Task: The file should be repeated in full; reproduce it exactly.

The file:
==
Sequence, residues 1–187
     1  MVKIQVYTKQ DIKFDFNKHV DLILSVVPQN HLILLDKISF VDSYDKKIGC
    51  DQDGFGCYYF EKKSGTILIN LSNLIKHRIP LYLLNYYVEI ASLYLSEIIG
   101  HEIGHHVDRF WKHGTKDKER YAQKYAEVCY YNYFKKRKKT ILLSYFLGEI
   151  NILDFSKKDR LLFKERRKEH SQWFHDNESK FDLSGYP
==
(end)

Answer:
Sequence, residues 1–187
     1  MVKIQVYTKQ DIKFDFNKHV DLILSVVPQN HLILLDKISF VDSYDKKIGC
    51  DQDGFGCYYF EKKSGTILIN LSNLIKHRIP LYLLNYYVEI ASLYLSEIIG
   101  HEIGHHVDRF WKHGTKDKER YAQKYAEVCY YNYFKKRKKT ILLSYFLGEI
   151  NILDFSKKDR LLFKERRKEH SQWFHDNESK FDLSGYP